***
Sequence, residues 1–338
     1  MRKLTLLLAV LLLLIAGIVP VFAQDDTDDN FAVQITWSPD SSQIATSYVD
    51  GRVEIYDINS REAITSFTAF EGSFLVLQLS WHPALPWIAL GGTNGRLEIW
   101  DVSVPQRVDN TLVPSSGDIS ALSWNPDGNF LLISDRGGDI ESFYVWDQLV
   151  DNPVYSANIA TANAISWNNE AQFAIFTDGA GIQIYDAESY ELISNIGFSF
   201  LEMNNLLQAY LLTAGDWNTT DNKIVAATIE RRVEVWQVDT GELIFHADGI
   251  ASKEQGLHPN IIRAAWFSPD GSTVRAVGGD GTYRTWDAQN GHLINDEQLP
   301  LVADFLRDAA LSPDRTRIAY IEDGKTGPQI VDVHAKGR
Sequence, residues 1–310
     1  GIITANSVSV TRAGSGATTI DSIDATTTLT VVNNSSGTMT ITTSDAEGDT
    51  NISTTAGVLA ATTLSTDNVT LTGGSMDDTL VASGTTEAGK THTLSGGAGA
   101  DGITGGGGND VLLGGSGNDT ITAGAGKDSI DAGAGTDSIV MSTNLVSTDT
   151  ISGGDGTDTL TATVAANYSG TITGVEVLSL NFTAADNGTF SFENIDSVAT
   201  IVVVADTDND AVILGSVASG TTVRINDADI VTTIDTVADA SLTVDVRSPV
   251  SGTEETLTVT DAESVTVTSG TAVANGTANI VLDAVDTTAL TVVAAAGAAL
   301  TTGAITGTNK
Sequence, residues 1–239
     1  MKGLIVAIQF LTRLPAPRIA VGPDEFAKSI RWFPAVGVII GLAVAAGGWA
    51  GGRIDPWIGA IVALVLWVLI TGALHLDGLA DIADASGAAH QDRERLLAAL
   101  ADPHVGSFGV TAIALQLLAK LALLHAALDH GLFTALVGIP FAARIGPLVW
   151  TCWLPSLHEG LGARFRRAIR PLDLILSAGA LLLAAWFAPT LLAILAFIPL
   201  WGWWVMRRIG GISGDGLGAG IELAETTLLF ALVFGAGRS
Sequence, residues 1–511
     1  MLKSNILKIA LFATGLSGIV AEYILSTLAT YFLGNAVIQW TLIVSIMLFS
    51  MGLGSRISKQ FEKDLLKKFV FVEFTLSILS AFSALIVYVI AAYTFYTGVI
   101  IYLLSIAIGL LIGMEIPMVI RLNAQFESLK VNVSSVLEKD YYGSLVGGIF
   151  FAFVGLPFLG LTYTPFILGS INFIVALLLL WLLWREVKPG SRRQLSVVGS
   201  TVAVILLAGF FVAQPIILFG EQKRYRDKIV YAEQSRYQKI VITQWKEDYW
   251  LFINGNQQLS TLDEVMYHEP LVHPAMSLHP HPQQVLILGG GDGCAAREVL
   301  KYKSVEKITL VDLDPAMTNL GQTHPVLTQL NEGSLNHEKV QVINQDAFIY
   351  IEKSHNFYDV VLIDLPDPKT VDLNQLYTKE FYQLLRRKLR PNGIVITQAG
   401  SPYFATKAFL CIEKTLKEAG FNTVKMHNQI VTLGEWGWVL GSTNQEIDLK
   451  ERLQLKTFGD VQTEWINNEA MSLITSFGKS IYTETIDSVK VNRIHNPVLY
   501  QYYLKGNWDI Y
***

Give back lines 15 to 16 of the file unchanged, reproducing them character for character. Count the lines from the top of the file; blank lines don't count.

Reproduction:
   251  SGTEETLTVT DAESVTVTSG TAVANGTANI VLDAVDTTAL TVVAAAGAAL
   301  TTGAITGTNK